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The following C++ code does nothing (using GCC 4.4.3) - it does not print the text:

struct MyStruct { MyStruct() { cout << "Hello" << endl; } };

void foo() {
  MyStruct ();

I think this is not so obvious... Let alone the danger of forgetting to give a variable name. Is there a compiler option/warning to forbid compilation of such code or is there any hidden secret behind allowing it?

Edit: I am sorry. The version above MyStruct(); acutally prints. The version which is not printing is:

void bar() {
    MyStruct a();

So now I am a bit confused.

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Prints for me: codepad.org/g96sG1lZ . Maybe g++ needs certain flags or it thinks that MyStruct(); is a declaration of a function with an omitted return type. Or maybe you didn't call foo() anywhere. –  Steve M Oct 1 '10 at 17:25

5 Answers 5

up vote 6 down vote accepted

This is not a declaration, because in MyStruct ();, the MyStruct would be part of the decl-specifier-seq and forms a type-name therein. And then () can only be a function-declarator. This requires that there is a declarator-id specified, which in your case is not. A special syntactical form is needed to allow such a syntax in declaring a constructor. But such syntactical exceptions are not made in a declaration-statement.

So this construct cannot be a declaration. It is parsed as an expression which specifies a functional cast creating a temporary of type MyStruct.

If the compiler does not print Hello it is either non-conforming or you are not calling foo in your program.

Your edit also does not specify a declaration without a name. It instead specifies a declaration that does have a name. It declares a function that is called a. The compiler has no way that you meant something else by this.

MyStruct a();

It could in an effort deduce this by having a recovering rule when it later discovers errors in your code such as the following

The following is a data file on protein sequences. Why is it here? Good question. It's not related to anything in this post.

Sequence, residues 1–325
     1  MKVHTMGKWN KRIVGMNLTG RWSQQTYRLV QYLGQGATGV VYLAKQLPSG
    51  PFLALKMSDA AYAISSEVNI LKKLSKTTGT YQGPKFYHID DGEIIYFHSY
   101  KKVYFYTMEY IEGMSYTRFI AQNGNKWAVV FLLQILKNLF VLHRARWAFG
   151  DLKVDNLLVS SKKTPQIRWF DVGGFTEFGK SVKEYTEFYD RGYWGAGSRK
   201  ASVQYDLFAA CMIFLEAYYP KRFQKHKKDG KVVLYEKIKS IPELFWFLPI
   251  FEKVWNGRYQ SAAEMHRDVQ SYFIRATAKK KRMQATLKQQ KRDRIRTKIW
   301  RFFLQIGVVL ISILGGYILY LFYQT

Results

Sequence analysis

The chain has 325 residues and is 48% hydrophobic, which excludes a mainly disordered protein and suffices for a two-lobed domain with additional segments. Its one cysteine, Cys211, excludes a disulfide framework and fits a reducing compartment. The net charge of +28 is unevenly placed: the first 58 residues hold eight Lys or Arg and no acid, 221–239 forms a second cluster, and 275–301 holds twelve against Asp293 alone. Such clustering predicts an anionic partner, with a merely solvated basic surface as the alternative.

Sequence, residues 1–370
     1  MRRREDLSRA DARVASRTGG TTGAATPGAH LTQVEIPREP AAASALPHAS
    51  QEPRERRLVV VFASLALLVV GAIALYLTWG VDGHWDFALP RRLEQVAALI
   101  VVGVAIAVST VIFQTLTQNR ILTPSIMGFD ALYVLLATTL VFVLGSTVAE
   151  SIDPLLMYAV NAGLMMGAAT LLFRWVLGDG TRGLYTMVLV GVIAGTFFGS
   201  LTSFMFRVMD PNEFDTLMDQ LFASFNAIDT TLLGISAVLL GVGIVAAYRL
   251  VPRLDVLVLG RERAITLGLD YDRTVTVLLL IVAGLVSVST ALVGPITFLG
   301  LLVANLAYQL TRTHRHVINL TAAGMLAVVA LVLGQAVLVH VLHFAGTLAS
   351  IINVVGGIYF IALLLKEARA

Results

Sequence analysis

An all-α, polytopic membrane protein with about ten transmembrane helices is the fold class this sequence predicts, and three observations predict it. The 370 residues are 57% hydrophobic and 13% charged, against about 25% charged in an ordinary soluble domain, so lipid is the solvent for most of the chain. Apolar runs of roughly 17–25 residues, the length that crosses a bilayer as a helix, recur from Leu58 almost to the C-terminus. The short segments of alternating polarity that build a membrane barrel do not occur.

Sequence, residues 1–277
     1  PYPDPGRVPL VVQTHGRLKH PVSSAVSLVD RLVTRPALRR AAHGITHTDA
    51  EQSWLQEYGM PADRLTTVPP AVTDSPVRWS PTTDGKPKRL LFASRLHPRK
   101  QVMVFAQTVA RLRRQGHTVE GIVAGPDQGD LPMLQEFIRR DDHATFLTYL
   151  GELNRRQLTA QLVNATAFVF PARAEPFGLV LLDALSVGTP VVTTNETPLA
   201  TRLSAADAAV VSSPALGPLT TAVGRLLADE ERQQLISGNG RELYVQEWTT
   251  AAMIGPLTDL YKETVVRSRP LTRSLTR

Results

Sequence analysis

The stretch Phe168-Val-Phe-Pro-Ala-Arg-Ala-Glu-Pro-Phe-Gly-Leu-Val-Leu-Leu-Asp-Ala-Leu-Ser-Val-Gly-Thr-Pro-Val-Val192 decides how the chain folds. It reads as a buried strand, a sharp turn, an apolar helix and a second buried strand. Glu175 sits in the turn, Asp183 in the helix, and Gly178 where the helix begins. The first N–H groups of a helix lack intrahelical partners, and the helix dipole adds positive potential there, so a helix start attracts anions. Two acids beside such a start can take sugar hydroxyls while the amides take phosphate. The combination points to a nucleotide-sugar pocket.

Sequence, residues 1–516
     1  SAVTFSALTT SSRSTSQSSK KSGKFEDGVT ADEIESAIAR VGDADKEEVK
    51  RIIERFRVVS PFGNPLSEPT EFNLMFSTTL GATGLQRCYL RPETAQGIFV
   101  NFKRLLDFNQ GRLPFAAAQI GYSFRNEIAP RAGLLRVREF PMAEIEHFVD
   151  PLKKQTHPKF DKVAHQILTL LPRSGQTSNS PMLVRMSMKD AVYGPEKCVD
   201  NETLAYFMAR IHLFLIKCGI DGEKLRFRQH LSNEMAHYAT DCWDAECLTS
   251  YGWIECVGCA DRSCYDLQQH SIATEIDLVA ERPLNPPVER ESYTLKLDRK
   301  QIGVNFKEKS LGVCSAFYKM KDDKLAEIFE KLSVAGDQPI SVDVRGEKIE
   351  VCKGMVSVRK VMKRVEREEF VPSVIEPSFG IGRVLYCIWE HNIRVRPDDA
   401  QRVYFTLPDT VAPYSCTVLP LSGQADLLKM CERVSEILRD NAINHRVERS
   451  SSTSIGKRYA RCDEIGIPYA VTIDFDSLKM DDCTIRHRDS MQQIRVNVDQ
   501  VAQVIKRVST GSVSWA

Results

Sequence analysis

If you have this in your code to try and call a member function and "a" is a function, the compiler could check to see if MyStruct contains a member f such that this expression is well-formed. But what if you just forgot to place parentheses? The following would be valid for the above declared function that returns a MyStruct, assuming a suitably declared member f.


So in effect, the compiler can't really know what you mean.

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I would expect MyStruct a(); to be a definition calling the default constructor, like ` MyStruct a(1);` calling a constructor with one argument. –  Danvil Oct 1 '10 at 17:45
@Danvil others may expect it to be a factory function returning a MyStruct. What about std::string getName(); ? –  Johannes Schaub - litb Oct 1 '10 at 17:47
@Danvil : MyStruct a(1) actually creates an object a but MyStruct a() doesn't. Please read his post carefully. –  Prasoon Saurav Oct 1 '10 at 17:47
@Johannes: In global or namespace scope ok ..., but inside a function? –  Danvil Oct 1 '10 at 17:48
@Danvil You can declare functions that you define in namespace scope (and variables) inside a function. Like void f() { extern int A; string g(); } declaring A and g, both of which are members of the same namespace. The C language is flexible like that (C doesn't know the type() syntax, so it has no reason to worry about ambiguities), and C++ needs to be compatible to it here. –  Johannes Schaub - litb Oct 1 '10 at 17:53

I think the temporary is elided [due to compiler optimization], hence you don't see the call to the c-tor.

Your code is syntactically perfect so there is no need for the compiler to give a warning [as such].

EDIT [As per the edits in the OP]

MyStruct a();

The above is parsed as the declaration of a function a return a MyStruct object and taking no parameters.

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Would it optimize it out even though it's printing something? –  JoshD Oct 1 '10 at 17:25
@JoshD: I am not a compiler expert but I don't think something like this is possible. I am not very sure though. Somebody please correct me if I am wrong. –  Prasoon Saurav Oct 1 '10 at 17:28

Well, temporary objects are perfectly legals. So there is no reasons to warn here.

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You don't have "a declaration with no name" in your code. You have a completely valid expression MyStruct(). It is not a declaration, once again, it is an expression statement. If it doesn't print anything, it mist be the effect of optimization: in C++ it is generally allowed to eliminate temporaries, even if their constructors/destructors have side effects. (Although this context is not really one where such elimination is allowed. Are you sure you actually execute that expression statement?)

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MyStruct a(); declares a function a that takes no arguments and returns a MyStruct.

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